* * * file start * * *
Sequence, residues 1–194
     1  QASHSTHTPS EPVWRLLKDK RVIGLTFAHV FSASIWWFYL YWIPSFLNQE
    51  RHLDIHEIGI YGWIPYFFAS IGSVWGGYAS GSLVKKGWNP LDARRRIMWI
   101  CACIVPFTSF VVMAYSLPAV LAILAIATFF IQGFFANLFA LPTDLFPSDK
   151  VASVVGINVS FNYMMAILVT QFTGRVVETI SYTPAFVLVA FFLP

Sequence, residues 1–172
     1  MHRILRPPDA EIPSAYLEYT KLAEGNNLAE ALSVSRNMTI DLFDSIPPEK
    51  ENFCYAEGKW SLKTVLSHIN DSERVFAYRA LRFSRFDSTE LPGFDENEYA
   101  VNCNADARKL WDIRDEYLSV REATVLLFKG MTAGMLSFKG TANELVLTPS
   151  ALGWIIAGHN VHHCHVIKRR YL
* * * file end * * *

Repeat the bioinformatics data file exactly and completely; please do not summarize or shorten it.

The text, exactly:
Sequence, residues 1–194
     1  QASHSTHTPS EPVWRLLKDK RVIGLTFAHV FSASIWWFYL YWIPSFLNQE
    51  RHLDIHEIGI YGWIPYFFAS IGSVWGGYAS GSLVKKGWNP LDARRRIMWI
   101  CACIVPFTSF VVMAYSLPAV LAILAIATFF IQGFFANLFA LPTDLFPSDK
   151  VASVVGINVS FNYMMAILVT QFTGRVVETI SYTPAFVLVA FFLP

Sequence, residues 1–172
     1  MHRILRPPDA EIPSAYLEYT KLAEGNNLAE ALSVSRNMTI DLFDSIPPEK
    51  ENFCYAEGKW SLKTVLSHIN DSERVFAYRA LRFSRFDSTE LPGFDENEYA
   101  VNCNADARKL WDIRDEYLSV REATVLLFKG MTAGMLSFKG TANELVLTPS
   151  ALGWIIAGHN VHHCHVIKRR YL